Volume 42, Issue 10 - October 2007


Construction Industry Leads Number of Workplace Fatalities 
The construction industry accounted for 1,226 fatal work injuries in 2006—the most occupational injuries of any industry sector. This represented a 3-percent increase over the 2005 total of construction industry fatalities according to statistics from the United States Department of Labor’s Bureau of Labor Statistics (BLS) national census of fatal occupational injuries for 2006. Fatalities among specialty trade contractors rose 6 percent (from 677 fatalities in 2005 to 721 in 2006), due primarily to higher numbers of fatal work injuries among building finishing contractors and roofing contractors. 

The increase in construction industry fatalities and injuries has led the Occupational Safety and Health Administration (OSHA) to focus on construction site safety. 

“OSHA has an emphasis this year on construction sites [safety],” says Pete Pontikis, senior project manager and safety director at MTH Industries in Hillside, Ill. He advises other glazing contractors to “make sure your projects have the proper information at the job.” 

Among the required information is the OSHA jobsite safety and health poster, which must be displayed in a conspicuous place where employees can see it.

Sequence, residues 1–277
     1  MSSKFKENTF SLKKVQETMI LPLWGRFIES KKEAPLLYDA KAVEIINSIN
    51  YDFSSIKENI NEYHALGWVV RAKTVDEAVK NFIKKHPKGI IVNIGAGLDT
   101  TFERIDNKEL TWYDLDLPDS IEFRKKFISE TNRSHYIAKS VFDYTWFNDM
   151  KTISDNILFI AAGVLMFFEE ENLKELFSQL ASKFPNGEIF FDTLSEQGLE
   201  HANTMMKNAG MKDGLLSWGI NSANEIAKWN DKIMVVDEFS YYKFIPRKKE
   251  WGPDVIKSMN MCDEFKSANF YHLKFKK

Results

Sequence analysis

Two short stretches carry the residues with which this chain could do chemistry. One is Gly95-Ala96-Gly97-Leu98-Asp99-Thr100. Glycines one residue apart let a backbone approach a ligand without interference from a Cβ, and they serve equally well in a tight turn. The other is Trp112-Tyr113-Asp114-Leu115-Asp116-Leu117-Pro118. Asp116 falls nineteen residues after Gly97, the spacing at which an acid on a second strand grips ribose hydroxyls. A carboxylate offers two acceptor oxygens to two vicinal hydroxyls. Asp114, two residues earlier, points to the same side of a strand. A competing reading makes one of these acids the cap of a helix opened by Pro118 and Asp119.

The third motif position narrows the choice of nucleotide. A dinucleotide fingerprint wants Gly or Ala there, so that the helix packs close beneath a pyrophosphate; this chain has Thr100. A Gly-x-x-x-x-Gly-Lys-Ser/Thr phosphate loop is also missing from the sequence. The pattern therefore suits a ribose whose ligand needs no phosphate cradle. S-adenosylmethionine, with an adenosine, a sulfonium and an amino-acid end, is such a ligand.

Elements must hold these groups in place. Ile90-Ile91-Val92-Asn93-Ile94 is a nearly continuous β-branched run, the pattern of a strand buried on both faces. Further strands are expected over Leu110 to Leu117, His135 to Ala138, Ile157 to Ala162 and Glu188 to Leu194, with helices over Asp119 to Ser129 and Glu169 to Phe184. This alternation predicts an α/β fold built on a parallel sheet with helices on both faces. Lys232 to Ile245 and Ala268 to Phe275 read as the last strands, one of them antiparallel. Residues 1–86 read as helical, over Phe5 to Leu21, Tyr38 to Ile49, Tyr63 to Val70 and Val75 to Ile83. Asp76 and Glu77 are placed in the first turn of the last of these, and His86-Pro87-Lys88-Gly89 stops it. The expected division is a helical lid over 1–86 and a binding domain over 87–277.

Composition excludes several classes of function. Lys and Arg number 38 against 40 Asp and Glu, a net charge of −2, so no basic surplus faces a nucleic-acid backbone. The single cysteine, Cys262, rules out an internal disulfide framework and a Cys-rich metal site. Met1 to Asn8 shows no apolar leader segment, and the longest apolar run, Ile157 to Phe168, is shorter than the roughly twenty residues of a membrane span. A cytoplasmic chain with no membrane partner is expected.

MTH offers safety training for specific events, including training for scaffolding and fall protection. According to the census information, fatal work injuries involving falls increased 5 percent in 2006 after a sharp decrease in 2005. The 809 fatal falls in 2006 was the third highest total since 1992, when the fatality census began. Fatal falls from roofs increased from 160 fatalities in 2005 to 184 in 2006, a rise of 15 percent. 

To prevent injuries in any area, construction industry workers—including glaziers—are required to have training in OSHA’s safety standards. 

“All of our foremen receive OSHA 30-hour cards, which is the 30-hour construction outreach program,” says Pontikis. “That’s all our glaziers and workers and project managers. All of our journeymen receive a 10-hour card.”

Pontikis says MTH also provides project-specific training based on the jobsite hazards or conditions. “Most larger projects are requiring now from the subcontractors site-specific safety plan,” he adds. “The first day your crew starts, you go out and do the training.” 

The numbers reported in the national census of fatal occupational injuries for 2006 are preliminary and will be updated in April 2008. www.bls.gov

PPG Worker Dies in Machinery Accident 
Neil T. McMichael died on September 13, 2007, from injuries sustained as a result of a machinery accident at PPG Industries Inc. McMichael was a glass-cutting line operator and for 43 years had been an employee at the company’s facility in Crestline, Ohio.

According to a statement from the company, PPG is investigating the accident in conjunction with local officials and the federal office of the Occupational Safety and Health Administration (OSHA). Grief counseling and employee assistance programs have been made available to Crestline employees. 

“We extend our deepest sympathy to Neil’s entire family,” says Vicki Holt, senior vice president, glass and fiber glass. 

McMichael was a 1964 graduate of Colonel Crawford and from 1965 to 1967 served in the U.S. Army in Vietnam, according to his obituary. He is survived by several brothers and sisters. 

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